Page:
You keep the camera exactly where it is and then refocus on another part of the item. After a few photographs, you should have successfully photographed the entire item in focus.
These images are then ‘stacked’ together using post-processing software.
After this process, you should have an image where the focus blankets the item but leaves the background blurred and out of focus.
This is a great way to keep a high-quality differential focus over a wider area. You are welcome!
Fine art photography covers many different photographic fields. Food photography is no different. If you own and run a fine art business, consider food photography as a subject.
Plenty of art lovers hang food-related images in their kitchens and dining rooms. The fine art food photography market is definitely work breaking into. Like a tasty crème brûlée.
In our article, you’ll find all the tips and techniques you’ll ever need.
Photographing coffee is an art unto itself. There are many different brands, flavors, and areas that separate the cups of black gold. All of these serve as great additions to your coffee photography scenes.
For inspiration, tips and techniques, your coffee related food photography prayers have been answered.
Typography is a great way to separate your images from the rest. The great thing is that all food can be made to resemble letters, numbers, and characters.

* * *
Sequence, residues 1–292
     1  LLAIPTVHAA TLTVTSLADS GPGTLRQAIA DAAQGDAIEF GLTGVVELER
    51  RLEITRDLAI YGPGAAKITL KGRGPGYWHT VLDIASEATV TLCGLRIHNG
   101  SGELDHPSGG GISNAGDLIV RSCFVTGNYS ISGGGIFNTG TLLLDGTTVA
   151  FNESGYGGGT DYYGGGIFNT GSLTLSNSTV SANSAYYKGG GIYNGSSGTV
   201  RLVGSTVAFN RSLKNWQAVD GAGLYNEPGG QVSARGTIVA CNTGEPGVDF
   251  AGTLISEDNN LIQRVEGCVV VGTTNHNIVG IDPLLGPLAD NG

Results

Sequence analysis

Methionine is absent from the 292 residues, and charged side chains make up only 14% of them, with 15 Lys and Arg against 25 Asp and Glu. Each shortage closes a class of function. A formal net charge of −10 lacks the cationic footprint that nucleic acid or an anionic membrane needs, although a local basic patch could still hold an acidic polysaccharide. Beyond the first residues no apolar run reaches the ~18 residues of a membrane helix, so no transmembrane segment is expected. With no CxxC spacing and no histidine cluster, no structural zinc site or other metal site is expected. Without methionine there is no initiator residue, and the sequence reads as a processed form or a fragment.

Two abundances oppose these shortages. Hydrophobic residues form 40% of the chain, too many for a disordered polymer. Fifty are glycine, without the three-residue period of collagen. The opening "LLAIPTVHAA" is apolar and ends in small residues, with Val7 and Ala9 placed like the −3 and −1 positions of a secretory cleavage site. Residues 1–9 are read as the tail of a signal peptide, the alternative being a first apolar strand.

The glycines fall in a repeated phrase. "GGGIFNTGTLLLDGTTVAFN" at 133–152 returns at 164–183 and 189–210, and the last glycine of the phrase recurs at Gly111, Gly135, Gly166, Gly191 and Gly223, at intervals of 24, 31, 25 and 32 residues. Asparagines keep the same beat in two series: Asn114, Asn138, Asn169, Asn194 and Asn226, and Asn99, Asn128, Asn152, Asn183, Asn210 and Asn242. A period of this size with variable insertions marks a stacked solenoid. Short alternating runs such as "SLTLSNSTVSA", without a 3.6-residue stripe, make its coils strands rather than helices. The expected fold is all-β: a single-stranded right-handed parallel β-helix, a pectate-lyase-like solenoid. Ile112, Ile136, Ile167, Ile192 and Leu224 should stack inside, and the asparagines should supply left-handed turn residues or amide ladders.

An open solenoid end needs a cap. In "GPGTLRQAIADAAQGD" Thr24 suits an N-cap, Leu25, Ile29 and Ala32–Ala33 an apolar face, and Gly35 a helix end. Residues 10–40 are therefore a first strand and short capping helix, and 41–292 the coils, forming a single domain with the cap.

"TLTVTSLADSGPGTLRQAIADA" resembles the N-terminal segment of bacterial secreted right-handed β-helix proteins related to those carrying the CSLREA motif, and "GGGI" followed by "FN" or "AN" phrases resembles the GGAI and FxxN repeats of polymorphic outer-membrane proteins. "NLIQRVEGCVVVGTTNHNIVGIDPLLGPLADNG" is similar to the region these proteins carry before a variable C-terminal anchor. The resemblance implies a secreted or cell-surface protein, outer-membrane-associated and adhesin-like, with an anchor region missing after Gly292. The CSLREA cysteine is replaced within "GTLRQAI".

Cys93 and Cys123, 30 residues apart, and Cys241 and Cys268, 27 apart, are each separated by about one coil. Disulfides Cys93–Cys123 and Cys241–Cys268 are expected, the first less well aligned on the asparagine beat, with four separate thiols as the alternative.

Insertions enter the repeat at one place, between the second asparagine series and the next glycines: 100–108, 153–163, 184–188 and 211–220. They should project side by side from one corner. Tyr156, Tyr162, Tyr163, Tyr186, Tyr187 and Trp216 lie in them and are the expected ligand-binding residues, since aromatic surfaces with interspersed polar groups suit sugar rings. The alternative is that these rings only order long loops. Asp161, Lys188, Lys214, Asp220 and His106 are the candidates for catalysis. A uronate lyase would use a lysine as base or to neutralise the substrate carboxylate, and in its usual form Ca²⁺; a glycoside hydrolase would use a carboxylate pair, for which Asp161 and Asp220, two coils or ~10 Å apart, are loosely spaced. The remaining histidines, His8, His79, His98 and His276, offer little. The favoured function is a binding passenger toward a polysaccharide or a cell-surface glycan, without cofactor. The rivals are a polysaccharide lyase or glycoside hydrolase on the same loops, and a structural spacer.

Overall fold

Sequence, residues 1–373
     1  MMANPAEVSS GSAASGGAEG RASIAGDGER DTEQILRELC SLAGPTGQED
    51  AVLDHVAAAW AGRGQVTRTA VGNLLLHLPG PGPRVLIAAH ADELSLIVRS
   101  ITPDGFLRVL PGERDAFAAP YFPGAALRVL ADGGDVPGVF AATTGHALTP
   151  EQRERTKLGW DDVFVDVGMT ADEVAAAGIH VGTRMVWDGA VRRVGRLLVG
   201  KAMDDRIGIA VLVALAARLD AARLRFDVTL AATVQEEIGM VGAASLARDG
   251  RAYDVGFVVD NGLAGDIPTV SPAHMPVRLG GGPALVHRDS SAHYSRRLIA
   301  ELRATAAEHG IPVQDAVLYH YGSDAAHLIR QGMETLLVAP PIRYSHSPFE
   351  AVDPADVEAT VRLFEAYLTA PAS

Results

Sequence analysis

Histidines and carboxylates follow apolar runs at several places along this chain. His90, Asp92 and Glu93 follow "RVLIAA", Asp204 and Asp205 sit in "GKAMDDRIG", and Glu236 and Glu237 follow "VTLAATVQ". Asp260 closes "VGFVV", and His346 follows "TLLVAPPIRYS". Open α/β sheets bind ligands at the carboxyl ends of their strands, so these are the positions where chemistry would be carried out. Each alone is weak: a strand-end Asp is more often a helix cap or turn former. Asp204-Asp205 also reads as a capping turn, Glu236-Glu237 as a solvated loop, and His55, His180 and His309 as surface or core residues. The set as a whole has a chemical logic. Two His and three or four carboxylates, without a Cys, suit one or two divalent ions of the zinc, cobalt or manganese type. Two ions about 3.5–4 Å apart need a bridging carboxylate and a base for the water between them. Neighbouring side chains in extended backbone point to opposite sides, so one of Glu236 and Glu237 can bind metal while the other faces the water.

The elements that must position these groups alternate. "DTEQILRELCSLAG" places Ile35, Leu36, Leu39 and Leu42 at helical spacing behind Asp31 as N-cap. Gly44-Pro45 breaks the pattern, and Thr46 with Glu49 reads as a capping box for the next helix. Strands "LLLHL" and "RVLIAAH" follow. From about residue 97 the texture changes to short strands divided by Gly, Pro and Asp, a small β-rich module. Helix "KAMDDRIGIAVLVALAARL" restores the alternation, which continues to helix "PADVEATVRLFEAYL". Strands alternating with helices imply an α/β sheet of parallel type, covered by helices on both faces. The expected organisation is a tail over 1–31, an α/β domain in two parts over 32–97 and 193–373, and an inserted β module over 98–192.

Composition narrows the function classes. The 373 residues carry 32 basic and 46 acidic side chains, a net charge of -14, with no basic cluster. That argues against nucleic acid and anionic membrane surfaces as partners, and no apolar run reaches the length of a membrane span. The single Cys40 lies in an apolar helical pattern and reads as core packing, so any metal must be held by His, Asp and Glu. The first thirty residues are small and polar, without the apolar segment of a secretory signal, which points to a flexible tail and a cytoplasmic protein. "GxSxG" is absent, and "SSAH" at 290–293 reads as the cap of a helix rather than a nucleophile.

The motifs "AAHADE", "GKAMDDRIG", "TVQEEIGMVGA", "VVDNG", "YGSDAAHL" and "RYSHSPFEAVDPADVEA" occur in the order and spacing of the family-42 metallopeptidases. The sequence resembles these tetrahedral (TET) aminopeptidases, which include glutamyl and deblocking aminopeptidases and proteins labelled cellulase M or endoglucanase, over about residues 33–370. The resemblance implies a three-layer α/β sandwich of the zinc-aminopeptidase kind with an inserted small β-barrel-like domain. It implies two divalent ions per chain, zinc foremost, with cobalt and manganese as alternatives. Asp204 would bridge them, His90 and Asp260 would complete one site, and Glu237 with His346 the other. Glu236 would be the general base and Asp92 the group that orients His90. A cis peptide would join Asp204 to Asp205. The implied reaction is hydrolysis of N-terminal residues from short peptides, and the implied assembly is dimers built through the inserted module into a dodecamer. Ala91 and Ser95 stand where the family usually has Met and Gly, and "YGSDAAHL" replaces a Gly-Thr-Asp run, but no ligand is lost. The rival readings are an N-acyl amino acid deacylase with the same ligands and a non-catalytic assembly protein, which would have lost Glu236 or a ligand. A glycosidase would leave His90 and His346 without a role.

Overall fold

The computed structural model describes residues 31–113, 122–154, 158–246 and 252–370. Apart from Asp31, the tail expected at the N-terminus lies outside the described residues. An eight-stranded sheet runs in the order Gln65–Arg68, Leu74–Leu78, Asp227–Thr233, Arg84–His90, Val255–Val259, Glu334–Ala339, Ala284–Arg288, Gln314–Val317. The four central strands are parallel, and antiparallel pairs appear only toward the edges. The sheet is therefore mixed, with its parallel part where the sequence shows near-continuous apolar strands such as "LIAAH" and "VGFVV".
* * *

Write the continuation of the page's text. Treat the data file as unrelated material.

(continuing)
If you have already started experimenting, this article can help you hone your skills. If typography within food photography is something new, you’ll find great inspiration here.
Adobe Lightroom is a great software package for post-processing your food photography. It has a great library system, where you can organize hundreds and thousands of images.
Another helpful element of this program is its great use of keywords and tags.
It also lets you modify your images in a non-destructive way. This allows you to go back to the original image if you no longer like the edits you created.
Lightroom has a no-nonsense layout and is very user-friendly. You are able to adjust settings such as exposure and contrast very easily. This should be your go-to package.
For all those using Lightroom, but feel limited in more sophisticated levels of adjustments, Photoshop is a great program.
Photoshop is a software better designed for labor-intensive photographs. Especially where text or layer masks might help you achieve what you want.
Most professional photographers find they benefit from Lightroom’s library system and simple adjustments.
Then import the image into Photoshop for airbrushing and other complicated modifications before exporting the final result.